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What Is a Prodromal?

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  • Written By: Malcolm Tatum
  • Edited By: Bronwyn Harris
  • Last Modified Date: 21 June 2014
  • Copyright Protected:
    2003-2014
    Conjecture Corporation
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More commonly known as a prodrome, a prodromal is an early indication that some type of disease or illness is about to occur. Sometimes referred to as a pre-symptom symptom, prodromal signs are often very broad and can be an indicator of many different conditions. Often, these signs begin to manifest days or weeks before the actual onset of the ailment.

One classic example of prodromal symptoms has to do with an upcoming migraine headache. Several days prior to the actual development of the headache, someone may begin to experience an increase in general irritability. Periods of feeling sad may also take place, leading to a lack of interest in eating or any desire to participate in activities that normally provide pleasure.

Other health issues also manifest a prodromal phase. With herpes, an impending outbreak may be foreshadowed by a general sense of itching and burning in the area where the blisters will shortly appear. Some tingling may also take place in the same area. At first, these symptoms are hardly noticeable, but become increasingly obvious as the outbreak approaches.

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People suffering with mental disorders such as some form of psychosis or panic disorder often begin to exhibit changes in perception well before an episode takes place. These changes may include a feeling of seeing certain objects in a different way, or reading things into the words uttered by the people around them. The individual may also find that his or her thoughts seem to stray into areas that are rarely of interest and remain mired in those areas for an inordinate amount of time.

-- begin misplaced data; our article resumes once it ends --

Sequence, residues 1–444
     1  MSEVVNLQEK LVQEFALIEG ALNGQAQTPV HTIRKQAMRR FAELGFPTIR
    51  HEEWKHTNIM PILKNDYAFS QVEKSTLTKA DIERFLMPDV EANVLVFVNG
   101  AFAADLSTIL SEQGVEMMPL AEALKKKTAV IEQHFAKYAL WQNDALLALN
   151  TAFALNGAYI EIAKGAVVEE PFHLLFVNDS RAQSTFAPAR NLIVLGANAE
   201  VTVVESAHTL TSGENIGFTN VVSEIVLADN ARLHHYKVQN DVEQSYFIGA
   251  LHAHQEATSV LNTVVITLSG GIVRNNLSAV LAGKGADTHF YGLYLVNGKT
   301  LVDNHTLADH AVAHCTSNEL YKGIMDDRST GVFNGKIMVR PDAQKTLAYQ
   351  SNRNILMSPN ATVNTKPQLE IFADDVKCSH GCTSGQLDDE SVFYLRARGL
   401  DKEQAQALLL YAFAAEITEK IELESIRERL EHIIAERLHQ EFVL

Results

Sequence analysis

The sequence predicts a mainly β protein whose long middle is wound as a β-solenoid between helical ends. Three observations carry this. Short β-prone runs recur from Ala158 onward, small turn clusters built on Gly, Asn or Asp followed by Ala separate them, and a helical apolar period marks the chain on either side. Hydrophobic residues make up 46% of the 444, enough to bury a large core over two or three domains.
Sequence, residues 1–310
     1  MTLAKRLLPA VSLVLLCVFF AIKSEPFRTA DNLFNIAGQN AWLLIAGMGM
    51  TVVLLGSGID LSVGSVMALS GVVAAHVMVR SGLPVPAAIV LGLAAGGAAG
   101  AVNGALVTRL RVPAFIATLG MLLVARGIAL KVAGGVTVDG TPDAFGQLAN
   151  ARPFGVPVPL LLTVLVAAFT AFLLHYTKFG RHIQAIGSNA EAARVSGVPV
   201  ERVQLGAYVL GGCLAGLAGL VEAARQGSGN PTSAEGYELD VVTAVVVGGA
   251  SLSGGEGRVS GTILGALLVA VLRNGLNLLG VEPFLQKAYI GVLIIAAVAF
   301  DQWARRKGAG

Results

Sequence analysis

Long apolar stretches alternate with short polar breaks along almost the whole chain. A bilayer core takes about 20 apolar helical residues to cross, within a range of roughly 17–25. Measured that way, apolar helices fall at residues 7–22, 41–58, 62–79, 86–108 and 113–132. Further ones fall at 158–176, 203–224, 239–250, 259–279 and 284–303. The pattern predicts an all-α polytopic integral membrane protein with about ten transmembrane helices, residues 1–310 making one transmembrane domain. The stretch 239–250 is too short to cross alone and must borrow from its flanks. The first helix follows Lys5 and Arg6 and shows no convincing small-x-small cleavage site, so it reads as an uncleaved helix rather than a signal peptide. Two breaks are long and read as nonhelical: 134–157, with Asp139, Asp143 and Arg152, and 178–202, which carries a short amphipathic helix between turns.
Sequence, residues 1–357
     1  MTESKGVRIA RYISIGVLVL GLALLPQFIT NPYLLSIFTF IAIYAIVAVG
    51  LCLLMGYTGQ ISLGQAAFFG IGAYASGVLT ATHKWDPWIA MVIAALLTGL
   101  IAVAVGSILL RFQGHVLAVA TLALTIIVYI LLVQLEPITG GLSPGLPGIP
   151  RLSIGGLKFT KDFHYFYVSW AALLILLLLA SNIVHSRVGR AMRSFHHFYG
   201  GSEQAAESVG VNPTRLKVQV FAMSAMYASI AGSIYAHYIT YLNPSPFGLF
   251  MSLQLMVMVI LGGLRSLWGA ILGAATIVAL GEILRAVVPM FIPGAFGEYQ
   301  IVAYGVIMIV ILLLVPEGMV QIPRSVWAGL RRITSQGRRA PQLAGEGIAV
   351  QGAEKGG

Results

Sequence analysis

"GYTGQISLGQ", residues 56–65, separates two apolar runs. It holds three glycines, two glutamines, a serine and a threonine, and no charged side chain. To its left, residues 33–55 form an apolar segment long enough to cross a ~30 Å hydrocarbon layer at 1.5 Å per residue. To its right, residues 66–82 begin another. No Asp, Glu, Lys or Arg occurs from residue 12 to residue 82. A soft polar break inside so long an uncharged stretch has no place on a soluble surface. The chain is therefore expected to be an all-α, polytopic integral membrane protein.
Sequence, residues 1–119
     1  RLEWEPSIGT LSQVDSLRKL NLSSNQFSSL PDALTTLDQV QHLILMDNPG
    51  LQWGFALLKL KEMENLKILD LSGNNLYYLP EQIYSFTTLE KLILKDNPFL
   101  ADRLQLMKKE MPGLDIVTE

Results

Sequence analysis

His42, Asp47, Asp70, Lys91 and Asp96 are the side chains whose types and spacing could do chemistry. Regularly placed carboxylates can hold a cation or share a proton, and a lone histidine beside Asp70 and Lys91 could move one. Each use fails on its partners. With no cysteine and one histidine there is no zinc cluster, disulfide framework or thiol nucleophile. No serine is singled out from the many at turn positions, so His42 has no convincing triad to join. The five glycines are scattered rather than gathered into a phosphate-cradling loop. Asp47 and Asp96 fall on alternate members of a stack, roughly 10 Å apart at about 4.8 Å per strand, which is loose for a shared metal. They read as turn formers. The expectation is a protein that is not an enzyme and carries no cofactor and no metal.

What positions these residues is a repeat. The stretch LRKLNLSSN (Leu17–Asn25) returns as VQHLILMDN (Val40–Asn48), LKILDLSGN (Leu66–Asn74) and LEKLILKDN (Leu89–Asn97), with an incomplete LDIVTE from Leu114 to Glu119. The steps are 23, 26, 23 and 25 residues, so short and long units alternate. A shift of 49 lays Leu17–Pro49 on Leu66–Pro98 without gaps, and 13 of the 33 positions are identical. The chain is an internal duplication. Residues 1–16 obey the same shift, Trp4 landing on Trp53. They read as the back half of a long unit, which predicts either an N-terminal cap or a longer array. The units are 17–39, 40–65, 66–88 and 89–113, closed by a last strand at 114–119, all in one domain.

People who suffer from epilepsy also experience a prodromal stage or phase. The period often begins with a vague sense of being uneasy or anxious about nothing in particular. There may be some general physical discomfort, such as tingling in the extremities or quick pains that seem to go away as quickly as they appear.

In some cases, these vague early signs disappear completely before the disease or ailment becomes manifest. At other times, they develop into full-blown symptoms that are indicative of a particular disease. The lack of consistency, coupled with the broad nature of the signs themselves, makes it very hard to diagnose an impending condition.

At present, there is no universal agreement on what causes the symptoms of prodromal stages to appear. One theory is that these early warning signs are due to a change in electrical activity in the brain, as the body prepares for the impending crisis. However, attempts to qualify this theory have lead to inconclusive results.

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